Exhibitions

The politics of handbags

9 January 2021

9:00 AM

9 January 2021

9:00 AM

Bags: Inside Out

V&A, until 12 September, temporarily closed

‘Of course, I am obstinate in defending our liberties and our law — that is why I carry a big handbag,’ Margaret Thatcher once told an interviewer. That handbag was part of the Iron Lady’s suit of armour; a fashion accoutrement turned into a political prop.

But an accessory that became instantly recognisable on the outside held secrets on the inside. Thatcher referred to it as the only ‘leak-proof’ place in Downing Street, and it was a bag of tricks from which she might conjure pertinent quotes from Abraham Lincoln or Friedrich Hayek, or a crumpled brief from a mysterious source. Norman Tebbit said the art of being a successful cabinet minister ‘was to have worked out in advance how you shot down the advice that was in her handbag, and if you did it well enough the handbag was not opened’.

This curious relationship between the public and the private, between revealing and concealing, is the thread that runs through the V&A’s current exhibition. I managed to sneak in just before the latest lockdown. Bags: Inside Out includes Thatcher’s Nuovo Bidente bag among 300 objects from the 16th century to today that range from ornate chatelaines and the embroidered burse that protected Elizabeth I’s Great Seal of England to military rucksacks and Winston Churchill’s red despatch box.

Curator Dr Lucia Savi explains that a fascination with bags is not a modern phenomenon — nor a gender-specific one. Long before Thatcher’s bag inspired its own legends (and got the verb ‘handbagging’ added to the dictionary), myths and folklore abounded about bags filled with dangerous or delightful powers, from Fortunatus’s purse to the bag of winds given to Ulysses by Aeolus. But bags also have the ability to reveal a great deal without being opened. Hermes carried a money-bag to signify his role as the Greek god of riches, trade and good fortune; celebrities carried the ‘It bags’ of the 1990s and 2000s to signify wealth and social status. This exhibition unpacks how these private possessions make such public statements.


The handbag as we know it originated in the sturdy, compartmentalised leather hand luggage carried by men, and it was only in the 1880s that bags with these characteristics became considered a women’s fashion accessory. Today the average British woman owns 14 handbags and spends more than £6,000 on them in her lifetime. Even during a year when most of those bags were gathering dust in the wardrobe, growth in demand for luxury bags led to a 12 per cent increase in revenue for the handbag division of LVMH, owner of brands including Louis Vuitton and Dior.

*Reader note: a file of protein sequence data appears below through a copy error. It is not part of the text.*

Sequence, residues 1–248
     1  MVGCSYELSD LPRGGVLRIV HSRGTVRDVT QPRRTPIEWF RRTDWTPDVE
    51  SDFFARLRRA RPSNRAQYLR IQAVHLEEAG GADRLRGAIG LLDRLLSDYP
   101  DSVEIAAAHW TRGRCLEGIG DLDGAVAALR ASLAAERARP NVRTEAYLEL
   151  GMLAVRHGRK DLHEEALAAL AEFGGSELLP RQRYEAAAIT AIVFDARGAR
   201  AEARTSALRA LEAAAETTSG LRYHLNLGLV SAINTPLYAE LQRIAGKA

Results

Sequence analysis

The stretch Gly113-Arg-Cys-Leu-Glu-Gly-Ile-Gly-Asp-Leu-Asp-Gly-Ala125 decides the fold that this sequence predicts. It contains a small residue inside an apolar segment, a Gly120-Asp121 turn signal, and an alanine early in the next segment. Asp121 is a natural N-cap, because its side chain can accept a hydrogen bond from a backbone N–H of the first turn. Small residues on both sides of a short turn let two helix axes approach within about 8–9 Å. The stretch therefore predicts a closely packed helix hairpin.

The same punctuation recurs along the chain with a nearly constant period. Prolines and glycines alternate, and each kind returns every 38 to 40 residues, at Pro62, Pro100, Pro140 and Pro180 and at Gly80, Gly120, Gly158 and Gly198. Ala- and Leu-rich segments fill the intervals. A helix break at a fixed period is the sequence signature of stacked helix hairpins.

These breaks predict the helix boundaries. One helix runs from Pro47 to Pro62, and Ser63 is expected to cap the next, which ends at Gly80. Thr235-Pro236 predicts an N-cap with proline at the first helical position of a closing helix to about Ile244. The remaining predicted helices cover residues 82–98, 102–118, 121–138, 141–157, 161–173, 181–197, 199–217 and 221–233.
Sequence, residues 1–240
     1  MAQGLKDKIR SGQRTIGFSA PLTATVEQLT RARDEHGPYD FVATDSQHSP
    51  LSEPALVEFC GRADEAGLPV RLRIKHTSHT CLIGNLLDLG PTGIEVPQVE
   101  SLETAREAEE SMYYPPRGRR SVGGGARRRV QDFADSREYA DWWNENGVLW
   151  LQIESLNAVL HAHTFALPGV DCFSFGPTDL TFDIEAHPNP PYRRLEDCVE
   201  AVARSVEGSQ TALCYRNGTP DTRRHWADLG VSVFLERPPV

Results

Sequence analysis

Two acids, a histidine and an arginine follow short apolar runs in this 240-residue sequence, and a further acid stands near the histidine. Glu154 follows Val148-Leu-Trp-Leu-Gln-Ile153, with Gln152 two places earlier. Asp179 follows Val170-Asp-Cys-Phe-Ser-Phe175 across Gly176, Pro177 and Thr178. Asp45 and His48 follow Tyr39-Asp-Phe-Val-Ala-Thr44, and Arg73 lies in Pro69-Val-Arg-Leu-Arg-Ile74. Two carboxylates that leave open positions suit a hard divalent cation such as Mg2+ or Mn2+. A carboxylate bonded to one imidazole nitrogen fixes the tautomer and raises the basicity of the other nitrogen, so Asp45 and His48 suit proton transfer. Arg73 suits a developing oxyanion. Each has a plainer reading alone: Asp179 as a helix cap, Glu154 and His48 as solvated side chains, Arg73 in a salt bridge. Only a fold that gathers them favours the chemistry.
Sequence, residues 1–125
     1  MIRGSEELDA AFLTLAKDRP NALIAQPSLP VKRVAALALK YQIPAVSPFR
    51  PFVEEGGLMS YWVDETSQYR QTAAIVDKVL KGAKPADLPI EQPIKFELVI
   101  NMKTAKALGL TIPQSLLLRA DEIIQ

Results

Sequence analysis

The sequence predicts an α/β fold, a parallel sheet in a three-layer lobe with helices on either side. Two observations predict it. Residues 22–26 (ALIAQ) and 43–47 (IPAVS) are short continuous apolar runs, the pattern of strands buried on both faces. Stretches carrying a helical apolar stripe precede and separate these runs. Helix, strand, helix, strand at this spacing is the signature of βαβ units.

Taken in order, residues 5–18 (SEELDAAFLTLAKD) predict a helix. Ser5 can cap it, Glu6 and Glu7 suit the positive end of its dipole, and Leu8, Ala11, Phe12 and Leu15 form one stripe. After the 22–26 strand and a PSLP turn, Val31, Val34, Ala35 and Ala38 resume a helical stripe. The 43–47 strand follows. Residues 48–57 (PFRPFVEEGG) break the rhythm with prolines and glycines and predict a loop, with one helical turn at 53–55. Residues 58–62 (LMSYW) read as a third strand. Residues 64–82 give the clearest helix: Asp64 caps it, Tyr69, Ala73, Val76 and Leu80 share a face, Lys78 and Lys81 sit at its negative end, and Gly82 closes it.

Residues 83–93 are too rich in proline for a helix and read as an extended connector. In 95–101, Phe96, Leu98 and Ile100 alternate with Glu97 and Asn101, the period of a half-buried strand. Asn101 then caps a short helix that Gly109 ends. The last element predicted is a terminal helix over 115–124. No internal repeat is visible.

Luxury handbags now outperform even art as a financial investment, and the bag as wearable art is explored in the exhibition in everything from ‘reticules’ — 19th-century fabric handbags with a flat surface for decoration — to an insect-studded Prada ‘Entomology’ bag designed by Damien Hirst. There are also playful fashion creations, such as Karl Lagerfeld’s ‘Lait de Coco’ bag in the shape of a milk carton and Thom Browne’s ‘Hector’ handbag, a lifesize replica of his dachshund with handles on its back. Savi says that handbags offer an opportunity for experimentation among designers because there are no rules: ‘We don’t have to fit any body part into a handbag, not like a hat, or shoes.’

The surfaces of bags have also long been a canvas for personal, political or religious statements. The New Yorker and Daunt Books canvas bags ubiquitous among London commuters are exhibited next to Anya Hindmarch’s 2007 ‘I’m not a plastic bag’ tote and a 19th-century Samuel Lines silk bag for the Female Society of Birmingham bearing an anti-slavery poem. Savi explains that these show how bags can project what we want others to see about us — whether it’s that we’re well read or campaigning for a better world. Bags don’t need to be expensive to carry social currency.

A good backstory, though, can make a bag very expensive indeed. The myths and legends carried by modern bags are often linked to celebrity culture: the first Hermès ‘Birkin’ is here, created in 1984 for singer Jane Birkin after she sat next to the brand’s chief executive on a flight and complained about being unable to find a leather bag that she liked. Vintage Birkins now sell for as much as $200,000. There is also the Christian Dior bag renamed ‘Lady Dior’ in honour of Princess Diana, a purple-sequinned Fendi ‘Baguette’ made famous by Sarah Jessica Parker’s character in Sex and the City, and a Mulberry ‘Alexa’ on loan from Alexa Chung, who inspired the design.

Nearby is a 20th-century traditional beaded shoulder bag from Myanmar that signals membership of a certain tribe, in much the same way that carrying an Alexa might signal membership of the fashion pack, or a Birkin might signal wealth. All around the world, bags show what group you belong to — or would like to be part of.

Hours after my tour, the V&A was forced to close its doors again. Our handbags may be back in the wardrobe for now — but they have always adapted to survive. Among the exhibits is an elegant leather bag owned by Queen Mary during the 1940s, designed to carry a gas mask. Whatever life has thrown at us over the centuries, we’ve found ways to shoulder it.

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